Nine saved by deal
Birth and rebirth ends funding crisis
YESTERDAY was a big day for Nine chief executive David Gyngell, marking the birth of his son and the rebirth of his television station.
After two days of grinding negotiations, punctuated by the arrival of Mr Gyngell and wife Leila McKinnon’s first child early yesterday morning, the relieved and reinvigorated- looking Nine boss strode out of talks in Sydney telling reporters: ‘‘There’s a deal’’.
‘‘We have a fully capitalised business,’’ Mr Gyngell said. ‘‘ All those doomsayers out there are going to have to eat their words.
‘‘We have never had a more powerful balance sheet. We are ready to rock and roll for next year.’’
Nine Entertainment, the parent of the Nine Network, NBN Television and the Ticketek events ticketing business, had faced going into administration if lenders owed $3.3 billion could not agree on how to divide up ownership of the company in return for their debt.
Nine owed $2.3 billion to US hedge funds Apollo and Oaktree and a further $ 1 billion to investment bank Goldman Sachs.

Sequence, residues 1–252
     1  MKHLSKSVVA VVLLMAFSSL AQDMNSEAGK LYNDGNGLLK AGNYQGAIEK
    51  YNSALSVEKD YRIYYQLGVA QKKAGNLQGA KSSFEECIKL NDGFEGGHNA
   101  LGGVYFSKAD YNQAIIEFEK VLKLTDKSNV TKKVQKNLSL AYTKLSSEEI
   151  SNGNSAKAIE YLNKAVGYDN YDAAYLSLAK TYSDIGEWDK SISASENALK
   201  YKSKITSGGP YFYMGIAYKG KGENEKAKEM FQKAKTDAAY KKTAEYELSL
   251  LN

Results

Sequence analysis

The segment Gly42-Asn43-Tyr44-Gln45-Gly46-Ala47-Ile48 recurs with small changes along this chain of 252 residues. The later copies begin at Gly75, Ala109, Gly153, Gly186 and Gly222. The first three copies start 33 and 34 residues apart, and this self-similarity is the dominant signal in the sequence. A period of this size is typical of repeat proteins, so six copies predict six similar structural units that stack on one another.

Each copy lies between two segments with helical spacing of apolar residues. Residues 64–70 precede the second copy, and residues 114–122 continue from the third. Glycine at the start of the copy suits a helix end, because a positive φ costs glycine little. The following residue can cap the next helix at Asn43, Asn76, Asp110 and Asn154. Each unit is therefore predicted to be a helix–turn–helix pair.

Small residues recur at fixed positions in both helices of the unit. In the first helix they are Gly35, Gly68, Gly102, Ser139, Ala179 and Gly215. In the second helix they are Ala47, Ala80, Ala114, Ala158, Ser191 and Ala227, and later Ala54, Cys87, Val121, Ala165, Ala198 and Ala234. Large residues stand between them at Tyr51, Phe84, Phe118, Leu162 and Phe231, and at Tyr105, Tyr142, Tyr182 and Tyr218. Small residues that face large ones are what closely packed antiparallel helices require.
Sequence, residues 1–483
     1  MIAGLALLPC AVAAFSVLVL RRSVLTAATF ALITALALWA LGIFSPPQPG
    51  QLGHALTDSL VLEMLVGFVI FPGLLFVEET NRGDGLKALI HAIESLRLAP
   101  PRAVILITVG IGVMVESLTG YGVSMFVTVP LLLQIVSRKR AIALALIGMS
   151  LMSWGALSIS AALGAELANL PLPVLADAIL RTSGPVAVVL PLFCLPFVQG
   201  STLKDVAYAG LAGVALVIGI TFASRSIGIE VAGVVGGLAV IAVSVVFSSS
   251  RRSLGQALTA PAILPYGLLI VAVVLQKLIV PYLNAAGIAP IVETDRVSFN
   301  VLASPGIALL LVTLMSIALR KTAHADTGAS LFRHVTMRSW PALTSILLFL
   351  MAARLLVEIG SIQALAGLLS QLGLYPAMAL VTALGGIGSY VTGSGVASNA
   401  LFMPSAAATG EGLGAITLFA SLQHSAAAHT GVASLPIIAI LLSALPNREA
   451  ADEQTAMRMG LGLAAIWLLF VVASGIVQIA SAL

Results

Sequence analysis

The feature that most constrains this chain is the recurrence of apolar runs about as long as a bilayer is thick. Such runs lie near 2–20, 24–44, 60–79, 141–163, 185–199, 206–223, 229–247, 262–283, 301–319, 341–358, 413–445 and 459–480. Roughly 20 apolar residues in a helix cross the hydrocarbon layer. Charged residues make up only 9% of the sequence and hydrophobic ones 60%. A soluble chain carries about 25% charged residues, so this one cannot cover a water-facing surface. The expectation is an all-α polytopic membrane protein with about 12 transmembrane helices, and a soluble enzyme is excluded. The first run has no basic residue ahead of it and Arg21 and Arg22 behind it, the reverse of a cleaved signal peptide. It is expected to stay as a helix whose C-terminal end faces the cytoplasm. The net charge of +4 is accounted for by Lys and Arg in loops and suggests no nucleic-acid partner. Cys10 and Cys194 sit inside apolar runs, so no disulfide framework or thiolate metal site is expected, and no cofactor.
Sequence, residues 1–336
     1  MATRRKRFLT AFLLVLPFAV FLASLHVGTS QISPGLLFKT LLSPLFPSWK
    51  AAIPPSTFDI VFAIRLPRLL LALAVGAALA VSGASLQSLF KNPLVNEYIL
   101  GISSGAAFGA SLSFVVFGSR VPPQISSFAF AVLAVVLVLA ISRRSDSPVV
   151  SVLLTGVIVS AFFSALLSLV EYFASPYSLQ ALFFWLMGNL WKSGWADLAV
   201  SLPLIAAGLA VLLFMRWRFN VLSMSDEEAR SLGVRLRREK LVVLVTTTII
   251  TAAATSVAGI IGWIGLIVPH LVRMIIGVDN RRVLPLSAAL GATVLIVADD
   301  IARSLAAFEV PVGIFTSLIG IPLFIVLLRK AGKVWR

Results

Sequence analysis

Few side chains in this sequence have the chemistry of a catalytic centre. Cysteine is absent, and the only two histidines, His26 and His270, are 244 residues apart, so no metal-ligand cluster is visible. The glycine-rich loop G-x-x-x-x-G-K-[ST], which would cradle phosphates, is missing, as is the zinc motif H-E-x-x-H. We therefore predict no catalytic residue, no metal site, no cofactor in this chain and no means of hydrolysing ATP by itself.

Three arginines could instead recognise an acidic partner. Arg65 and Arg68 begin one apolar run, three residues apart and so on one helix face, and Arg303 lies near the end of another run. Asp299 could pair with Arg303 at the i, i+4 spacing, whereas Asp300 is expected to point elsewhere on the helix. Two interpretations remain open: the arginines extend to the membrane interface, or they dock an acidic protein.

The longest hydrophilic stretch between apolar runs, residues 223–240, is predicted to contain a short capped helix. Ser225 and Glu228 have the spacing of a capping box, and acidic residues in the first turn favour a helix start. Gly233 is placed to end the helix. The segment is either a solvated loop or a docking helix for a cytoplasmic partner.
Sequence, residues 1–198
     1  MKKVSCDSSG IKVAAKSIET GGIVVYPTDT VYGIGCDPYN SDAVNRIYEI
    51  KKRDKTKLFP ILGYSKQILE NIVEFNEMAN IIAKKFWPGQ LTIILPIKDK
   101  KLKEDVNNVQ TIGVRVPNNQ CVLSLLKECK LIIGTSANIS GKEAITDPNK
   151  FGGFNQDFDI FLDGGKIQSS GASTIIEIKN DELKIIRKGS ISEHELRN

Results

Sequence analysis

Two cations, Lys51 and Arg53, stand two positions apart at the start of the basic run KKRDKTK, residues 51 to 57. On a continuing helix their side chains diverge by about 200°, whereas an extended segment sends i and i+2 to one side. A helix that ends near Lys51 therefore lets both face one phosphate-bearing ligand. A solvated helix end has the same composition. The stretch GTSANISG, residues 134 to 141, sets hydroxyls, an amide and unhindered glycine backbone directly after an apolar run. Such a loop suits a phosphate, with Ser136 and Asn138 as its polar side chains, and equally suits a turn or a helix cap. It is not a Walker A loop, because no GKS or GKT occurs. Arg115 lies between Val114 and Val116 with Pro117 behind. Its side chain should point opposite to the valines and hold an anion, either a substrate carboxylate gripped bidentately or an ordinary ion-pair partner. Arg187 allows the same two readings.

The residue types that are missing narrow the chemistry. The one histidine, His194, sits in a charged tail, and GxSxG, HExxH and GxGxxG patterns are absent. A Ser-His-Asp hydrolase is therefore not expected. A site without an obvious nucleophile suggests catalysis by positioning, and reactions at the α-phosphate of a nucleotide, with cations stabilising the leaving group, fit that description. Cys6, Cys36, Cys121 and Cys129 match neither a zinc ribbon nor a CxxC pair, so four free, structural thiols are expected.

The hedge funds’ debt falls due for repayment in February and Nine had no way to meet the call, meaning a debt-for-equity swap was its only chance for survival.
Goldman Sachs, whose debt ranked behind that of the hedge funds in priority f or repayment, insisted on an equity stake as well.
Yesterday, Mr Gyngell said Goldman Sachs had received ‘‘a certain percentage of equity’’ in Nine.
‘‘The rest of the company will be controlled by the hedge funds,’’ he said.
It is understood the hedge funds will control 95.5 per cent of Nine Entertainment, while the so- called ‘ ‘ mezzanine lenders’’, led by Goldman Sachs, take the remaining 4.5 per cent. The deal values Nine Entertainment at about $2.3 billion.
A source close to Goldman Sachs Mezzanine Partners said details were yet to be worked out.
HEY DAD: Channel Nine chief executive David Gyngell leaves Citibank Building in Sydney.